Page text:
Since I can’t see the collision, I have no idea if the police have arrived or not, or if, in fact, there are dead bodies or any injuries. But I’ve not heard any sirens or seen flashing lights. Given what we’ve already experienced and witnessed with the swift reactions and successful responses of the Nepali police elsewhere, I’m inclined to believe the man, that they are, as yet, no shows here. (Maybe I’m not being generous, and I do apologize if so, but it was late, and I was really tired.)

Hour 12.5: Feeling totally helpless and frustrated, I return to the bus. Bina has asked to switch seats. It’s a good thing, because her broken-and-therefore-too-far-leaning-back seat is quite effective at inducing sleep. I can’t do anything, in fact, but close my eyes.  Until, that is, the man behind me starts to push on the seat trying to get me to move it up. I try to explain it’s broken, nothing I can do. Bina tries to help too. He seems resigned.

Hour 13.5 or 14 (not sure): Man behind the seat puts his head on my seat and settles into sleep that way. He is breathing on me. I (awkwardly – this is so weird!) touch his face in an attempt to signal – not OK, please remove nostrils from the crown of my head.

Man behind the seat then reaches over the seat and, yes, between my knees to try and pry some mechanism on the seat he seems to believe will fix it and bring my seat forward! I swat his hand indignantly, making very clear he and his hand will be coming nowhere near my personal space – broken seat be damned! There is foul language involved. Again, a little embarrassed and hoping, assuming, no one really understood the English, just the message I was trying to convey. I think tone of voice is fairly effective for that. But I mean, his hand went between my knees! Big sigh. This is getting rough.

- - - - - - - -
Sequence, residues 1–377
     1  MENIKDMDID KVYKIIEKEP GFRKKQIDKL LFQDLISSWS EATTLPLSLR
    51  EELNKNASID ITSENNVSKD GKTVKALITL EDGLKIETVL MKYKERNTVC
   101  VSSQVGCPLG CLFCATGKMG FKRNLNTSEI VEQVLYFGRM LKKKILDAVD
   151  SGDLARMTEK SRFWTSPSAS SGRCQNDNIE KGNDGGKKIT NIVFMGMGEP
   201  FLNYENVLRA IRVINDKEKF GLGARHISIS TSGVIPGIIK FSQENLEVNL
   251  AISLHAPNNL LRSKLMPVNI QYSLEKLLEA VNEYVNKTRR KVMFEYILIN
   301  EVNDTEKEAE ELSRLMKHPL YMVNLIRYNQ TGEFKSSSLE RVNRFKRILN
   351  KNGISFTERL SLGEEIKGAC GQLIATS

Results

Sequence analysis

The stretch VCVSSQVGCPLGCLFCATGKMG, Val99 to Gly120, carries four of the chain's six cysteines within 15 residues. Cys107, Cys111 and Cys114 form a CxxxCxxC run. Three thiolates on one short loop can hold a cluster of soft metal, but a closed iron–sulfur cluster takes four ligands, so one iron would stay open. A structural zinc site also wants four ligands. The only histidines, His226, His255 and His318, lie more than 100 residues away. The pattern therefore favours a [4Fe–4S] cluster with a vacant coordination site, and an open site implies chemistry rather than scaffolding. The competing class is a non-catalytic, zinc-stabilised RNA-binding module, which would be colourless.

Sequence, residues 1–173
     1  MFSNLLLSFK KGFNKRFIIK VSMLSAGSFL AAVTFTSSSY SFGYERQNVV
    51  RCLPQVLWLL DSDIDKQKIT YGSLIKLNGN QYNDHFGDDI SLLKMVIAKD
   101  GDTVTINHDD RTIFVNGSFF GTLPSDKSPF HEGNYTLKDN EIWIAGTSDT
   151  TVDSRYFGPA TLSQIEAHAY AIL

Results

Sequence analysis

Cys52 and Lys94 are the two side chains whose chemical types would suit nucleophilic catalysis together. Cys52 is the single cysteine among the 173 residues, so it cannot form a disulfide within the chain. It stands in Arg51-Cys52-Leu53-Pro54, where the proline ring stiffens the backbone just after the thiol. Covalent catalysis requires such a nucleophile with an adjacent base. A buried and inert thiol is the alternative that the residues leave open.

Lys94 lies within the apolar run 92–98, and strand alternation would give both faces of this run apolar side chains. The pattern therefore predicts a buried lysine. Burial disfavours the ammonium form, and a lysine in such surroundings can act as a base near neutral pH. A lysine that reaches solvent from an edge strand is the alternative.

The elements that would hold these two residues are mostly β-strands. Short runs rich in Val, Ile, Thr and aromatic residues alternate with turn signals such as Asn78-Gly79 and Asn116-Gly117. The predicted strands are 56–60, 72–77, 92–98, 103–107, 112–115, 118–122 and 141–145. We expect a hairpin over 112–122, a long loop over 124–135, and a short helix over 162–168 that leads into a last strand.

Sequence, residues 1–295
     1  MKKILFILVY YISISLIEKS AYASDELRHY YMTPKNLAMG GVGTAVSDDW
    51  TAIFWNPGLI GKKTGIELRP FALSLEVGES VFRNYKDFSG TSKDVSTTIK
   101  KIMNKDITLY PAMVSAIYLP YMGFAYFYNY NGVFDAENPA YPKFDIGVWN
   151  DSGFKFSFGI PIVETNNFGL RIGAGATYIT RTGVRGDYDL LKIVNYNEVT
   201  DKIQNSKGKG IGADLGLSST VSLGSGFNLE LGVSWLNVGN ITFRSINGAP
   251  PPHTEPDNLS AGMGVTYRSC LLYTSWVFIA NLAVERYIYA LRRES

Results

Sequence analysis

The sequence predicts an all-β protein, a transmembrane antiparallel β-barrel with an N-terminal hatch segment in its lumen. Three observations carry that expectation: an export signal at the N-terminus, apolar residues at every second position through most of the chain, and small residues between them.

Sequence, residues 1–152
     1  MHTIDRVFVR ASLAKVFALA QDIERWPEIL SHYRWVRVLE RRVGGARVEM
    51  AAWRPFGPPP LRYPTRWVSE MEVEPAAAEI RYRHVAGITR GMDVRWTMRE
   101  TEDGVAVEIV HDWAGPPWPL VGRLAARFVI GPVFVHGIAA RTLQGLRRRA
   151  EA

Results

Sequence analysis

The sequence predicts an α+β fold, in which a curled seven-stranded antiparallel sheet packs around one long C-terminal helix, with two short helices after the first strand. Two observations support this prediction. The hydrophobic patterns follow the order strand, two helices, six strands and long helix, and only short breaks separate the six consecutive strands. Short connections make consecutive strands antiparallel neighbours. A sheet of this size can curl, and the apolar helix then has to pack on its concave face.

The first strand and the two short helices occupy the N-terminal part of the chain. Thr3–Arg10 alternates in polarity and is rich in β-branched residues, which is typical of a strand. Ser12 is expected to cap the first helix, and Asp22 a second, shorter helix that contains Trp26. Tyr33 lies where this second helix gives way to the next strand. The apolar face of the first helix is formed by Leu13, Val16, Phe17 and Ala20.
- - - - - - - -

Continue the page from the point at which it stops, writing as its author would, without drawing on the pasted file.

Hour 14-17: sleeping. Bus totally black. Bus totally not moving anywhere. But the Hindi pop music that has been blaring on the radio during the rest of the ride is off. So, apart from a spate of loud conversation between a mother and her child, which probably lasted 30 minutes or so (they were apparently nonplussed that most of the rest of us were trying to sleep), I did get some rest.

Hour 17: Bus comes to life. It’s now about 5 am. We are told the road has been cleared.

Hour 17-18.5: Bus turns on, turns off, turns on, turns off, turns on, turns off – you get the point – as it creeps through the logjam of traffic created by the collision. Still never saw any police or heard anything, but that really means nothing. My vantage point was limited.

Hour 18.5: Stop to pee, drink tea, morning break.  Bina and I decide definitively, we hate the bus. Hate it. We are told we have two more hours.

Hour 19-21: Fewer stops, and mostly to let passengers off. Though one short stop serves a somewhat mind-boggling purpose: from what I could tell, the bus pulled over only to allow passengers an opportunity to ogle what was apparently an accident off the side of a cliff. What a strange, and intrusive, procession it seemed. Everyone piled off, looked, piled back on and the bus continued.

Hour 21: Arrival in Pokhara. Too tired to even rejoice. Glad I did this, makes for a good story. Next time, I fly.